S.B. NO.



















SECTION 1. The legislature finds that January is a significant month in the history of Kalaupapa on the island of Molokai.

In 1865, Hawaii passed "An Act to Prevent the Spread of Leprosy", which required the isolation of leprosy patients. Accordingly, for that purpose, the State bought eight hundred acres of land on the Kalaupapa peninsula of Molokai. On January 6, 1866, twelve citizens of Hawaii arrived at Kalaupapa, the first of an estimated eight thousand people who were taken from their families and forced into isolation.

When the first ships arrived in 1866, the original inhabitants of Kalaupapa played a critical role in helping these leprosy patients. If not for their kindness and compassion, life would have been far worse for those who were forced into isolation. The government provided very little support or supplies to the early settlement of isolated leprosy patients. As the settlement grew and became overcrowded, the government ordered the original inhabitants to leave the land they had occupied for generations. The last of the original inhabitants of Kalaupapa were evicted in January 1895, a year after the Republic of Hawaii was established.

The legislature further finds that Hale Mohalu, a collection of World War II barracks on eleven acres of land at the edge of Pearl City, Oahu, was converted into a treatment center for leprosy patients registered at Kalaupapa and became a "second home" for many of its patients. Since the 1950s, state officials had let Hale Mohalu fall into disrepair, and in 1978, the State began relocating patients to Leahi Hospital, its designated Honolulu treatment center. On January 26, 1978, eight residents of Hale Mohalu were relocated to Leahi Hospital against their wishes. Twelve others refused to leave and remained behind, including Bernard Punikaia, Clarence Naia, and Frank and Mary Duarte. This began a nearly six-year occupation of Hale Mohalu by these residents, who together with their supporters, protested policies imposed by the then-governor and board of health. Punikaia, Naia, and several of their supporters were arrested on September 21, 1983, when the buildings of Hale Mohalu were bulldozed.

The legislature additionally finds that two key individuals who committed their lives to serving those affected by leprosy also share significant dates in the month of January.

On January 3, 1840, Jozef De Veuster was born in Belgium. He later joined the Congregation of the Sacred Hearts of Jesus and Mary. Known as Father Damien, he was ordained in Honolulu. Father Damien arrived at Kalaupapa in 1873 and spent sixteen years of his life caring for the people of Kalaupapa, ministering to them, building houses, churches, and tending to their medical needs. He was canonized as Saint Damien of Molokai in 2009.

On January 23, 1838, Barbara Koob was born in Germany. She later became a member of The Sisters of St. Francis of Syracuse, New York, and eventually became known as Mother Marianne Cope. She was a respected health administrator and answered the call of King Kalākaua and Queen Kapiolani to help people affected by leprosy in Hawaii. She spent thirty years at Kalaupapa, supervising the Bishop Home for Single Women and Girls and serving as a leader in the community. She was canonized as Saint Marianne in 2012.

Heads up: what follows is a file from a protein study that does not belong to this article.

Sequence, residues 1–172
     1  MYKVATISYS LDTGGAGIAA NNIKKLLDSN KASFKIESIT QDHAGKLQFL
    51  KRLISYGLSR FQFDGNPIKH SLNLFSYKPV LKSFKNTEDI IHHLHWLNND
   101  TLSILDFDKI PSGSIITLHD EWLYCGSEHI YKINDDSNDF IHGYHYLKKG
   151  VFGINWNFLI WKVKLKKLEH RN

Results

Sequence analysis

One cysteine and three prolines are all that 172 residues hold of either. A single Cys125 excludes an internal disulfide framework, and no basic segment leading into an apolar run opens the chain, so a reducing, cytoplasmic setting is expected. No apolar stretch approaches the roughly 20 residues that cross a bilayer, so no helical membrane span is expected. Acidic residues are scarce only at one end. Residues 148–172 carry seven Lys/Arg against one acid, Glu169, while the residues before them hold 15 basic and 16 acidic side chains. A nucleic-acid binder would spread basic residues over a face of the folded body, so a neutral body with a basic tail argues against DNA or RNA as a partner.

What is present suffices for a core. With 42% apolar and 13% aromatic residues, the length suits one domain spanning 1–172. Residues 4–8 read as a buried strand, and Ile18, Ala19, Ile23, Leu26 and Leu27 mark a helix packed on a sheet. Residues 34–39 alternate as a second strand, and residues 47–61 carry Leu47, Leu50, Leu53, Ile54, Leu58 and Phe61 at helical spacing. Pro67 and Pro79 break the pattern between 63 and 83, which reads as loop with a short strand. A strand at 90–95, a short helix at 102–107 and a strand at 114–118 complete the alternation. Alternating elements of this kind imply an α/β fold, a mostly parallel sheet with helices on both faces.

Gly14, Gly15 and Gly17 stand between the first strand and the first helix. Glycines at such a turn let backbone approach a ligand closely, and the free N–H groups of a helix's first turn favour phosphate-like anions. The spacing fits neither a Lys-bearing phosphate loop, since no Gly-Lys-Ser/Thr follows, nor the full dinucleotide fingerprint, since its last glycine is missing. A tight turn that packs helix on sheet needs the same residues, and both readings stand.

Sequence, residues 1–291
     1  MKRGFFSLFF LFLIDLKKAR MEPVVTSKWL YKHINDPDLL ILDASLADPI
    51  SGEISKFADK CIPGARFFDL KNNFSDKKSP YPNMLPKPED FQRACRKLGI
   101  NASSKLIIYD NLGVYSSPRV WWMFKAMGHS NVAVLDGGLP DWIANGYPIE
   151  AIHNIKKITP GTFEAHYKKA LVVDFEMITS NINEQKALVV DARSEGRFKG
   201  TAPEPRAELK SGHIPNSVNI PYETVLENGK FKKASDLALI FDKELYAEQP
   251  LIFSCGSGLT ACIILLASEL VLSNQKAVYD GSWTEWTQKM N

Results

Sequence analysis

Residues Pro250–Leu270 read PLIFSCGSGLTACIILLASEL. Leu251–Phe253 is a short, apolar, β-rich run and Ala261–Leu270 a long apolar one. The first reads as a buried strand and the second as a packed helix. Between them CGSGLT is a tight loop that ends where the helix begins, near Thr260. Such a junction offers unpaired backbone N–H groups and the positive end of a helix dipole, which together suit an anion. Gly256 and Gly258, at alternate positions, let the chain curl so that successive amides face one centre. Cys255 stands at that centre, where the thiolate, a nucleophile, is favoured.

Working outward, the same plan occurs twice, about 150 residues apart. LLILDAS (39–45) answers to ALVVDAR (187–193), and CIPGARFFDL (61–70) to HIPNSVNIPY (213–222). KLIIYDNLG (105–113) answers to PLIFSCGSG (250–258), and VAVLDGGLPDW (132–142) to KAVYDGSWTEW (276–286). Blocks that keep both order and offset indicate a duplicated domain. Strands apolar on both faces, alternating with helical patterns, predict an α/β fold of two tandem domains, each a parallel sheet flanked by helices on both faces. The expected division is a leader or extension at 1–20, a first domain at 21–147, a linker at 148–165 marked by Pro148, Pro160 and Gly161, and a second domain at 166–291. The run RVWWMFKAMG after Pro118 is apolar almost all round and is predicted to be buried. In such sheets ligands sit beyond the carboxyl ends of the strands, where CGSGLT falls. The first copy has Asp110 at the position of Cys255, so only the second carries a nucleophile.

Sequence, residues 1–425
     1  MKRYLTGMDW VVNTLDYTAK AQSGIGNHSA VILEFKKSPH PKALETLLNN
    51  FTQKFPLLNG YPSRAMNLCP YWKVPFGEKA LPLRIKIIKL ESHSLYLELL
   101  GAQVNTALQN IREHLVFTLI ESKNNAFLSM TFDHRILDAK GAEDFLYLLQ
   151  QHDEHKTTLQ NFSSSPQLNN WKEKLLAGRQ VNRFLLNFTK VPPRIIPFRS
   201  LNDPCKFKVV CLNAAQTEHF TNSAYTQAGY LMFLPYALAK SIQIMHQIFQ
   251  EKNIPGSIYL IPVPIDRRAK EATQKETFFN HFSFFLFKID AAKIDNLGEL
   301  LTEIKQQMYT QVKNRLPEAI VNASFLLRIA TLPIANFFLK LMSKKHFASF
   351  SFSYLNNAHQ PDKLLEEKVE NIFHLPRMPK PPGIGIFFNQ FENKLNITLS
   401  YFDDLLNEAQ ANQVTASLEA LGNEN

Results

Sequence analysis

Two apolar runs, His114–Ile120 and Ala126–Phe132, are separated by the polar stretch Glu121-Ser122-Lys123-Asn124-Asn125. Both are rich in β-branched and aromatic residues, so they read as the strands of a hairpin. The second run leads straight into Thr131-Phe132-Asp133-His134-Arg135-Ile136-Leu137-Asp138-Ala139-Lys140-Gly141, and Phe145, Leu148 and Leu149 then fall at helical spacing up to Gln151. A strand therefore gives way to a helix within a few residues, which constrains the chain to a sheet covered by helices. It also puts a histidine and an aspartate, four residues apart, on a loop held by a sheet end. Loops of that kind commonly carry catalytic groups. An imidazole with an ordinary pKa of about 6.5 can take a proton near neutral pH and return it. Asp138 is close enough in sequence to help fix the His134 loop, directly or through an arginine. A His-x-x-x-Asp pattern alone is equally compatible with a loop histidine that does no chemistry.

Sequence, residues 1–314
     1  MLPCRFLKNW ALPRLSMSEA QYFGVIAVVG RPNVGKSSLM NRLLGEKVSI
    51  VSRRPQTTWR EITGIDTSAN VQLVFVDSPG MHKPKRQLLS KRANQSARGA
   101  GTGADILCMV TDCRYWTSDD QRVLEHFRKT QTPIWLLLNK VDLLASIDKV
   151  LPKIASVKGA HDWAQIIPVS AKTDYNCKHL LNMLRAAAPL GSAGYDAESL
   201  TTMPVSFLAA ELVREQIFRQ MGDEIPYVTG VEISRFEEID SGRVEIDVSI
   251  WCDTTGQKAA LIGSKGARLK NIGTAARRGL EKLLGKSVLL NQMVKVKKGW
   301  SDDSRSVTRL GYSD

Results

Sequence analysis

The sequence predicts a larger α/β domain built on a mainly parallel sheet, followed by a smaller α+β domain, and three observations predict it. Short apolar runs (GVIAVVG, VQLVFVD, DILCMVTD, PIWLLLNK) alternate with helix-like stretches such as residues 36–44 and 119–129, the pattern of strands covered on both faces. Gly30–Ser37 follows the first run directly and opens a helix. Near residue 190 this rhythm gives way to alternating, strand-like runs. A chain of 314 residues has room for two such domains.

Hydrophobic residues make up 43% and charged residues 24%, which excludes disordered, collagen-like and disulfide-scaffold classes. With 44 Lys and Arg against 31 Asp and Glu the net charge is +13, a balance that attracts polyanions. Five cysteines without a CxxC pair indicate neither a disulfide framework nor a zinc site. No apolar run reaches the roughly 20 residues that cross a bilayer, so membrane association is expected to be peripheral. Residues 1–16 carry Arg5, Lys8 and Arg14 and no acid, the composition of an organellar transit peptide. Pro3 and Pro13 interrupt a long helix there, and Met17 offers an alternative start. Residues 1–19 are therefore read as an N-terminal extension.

Many of the people sent to Kalaupapa also became great leaders of the community. On January 5, 1879, Ambrose Hutchison arrived at Kalaupapa where he lived for the next fifty-three years. He served as resident superintendent for a total of ten years, the longest of any other person facing the challenges of leprosy.

The legislature further finds that since 2014, on the fourth Sunday of January, the Hawaii Conference of the United Church of Christ (HUCC) observes "Kalaupapa Sunday", wherein HUCC churches across Hawaii remember the people of Kalaupapa, particularly the thirty-five men and women who founded Siloama Church less than six months after the first leprosy patients were sent to Kalaupapa in 1866.

The legislature finds that the people of Kalaupapa today are viewed not only as valuable members of society, but as some of Hawaii's finest citizens who have overcome the most difficult of circumstances. Mercy Hutchison Bacon, great niece of Kalaupapa leader Ambrose Hutchison, called the people of Kalaupapa "the pride of a nation".

Therefore, the purpose of this Act is to establish January of each year as "Kalaupapa Month" to serve as an annual reminder to people all over Hawaii about the importance of Kalaupapa and the significant contributions made by its people throughout the history of Hawaii.

SECTION 2. Chapter 8, Hawaii Revised Statutes, is amended by adding a new section to be appropriately designated and to read as follows:

"8‑   Kalaupapa Month. The month of January shall be known and designated as "Kalaupapa Month". This month is not and shall not be construed as a state holiday."

SECTION 3. New statutory material is underscored.

SECTION 4. This Act shall take effect upon its approval.






















Report Title:

Kalaupapa Month



Designates January as "Kalaupapa Month".




The summary description of legislation appearing on this page is for informational purposes only and is not legislation or evidence of legislative intent.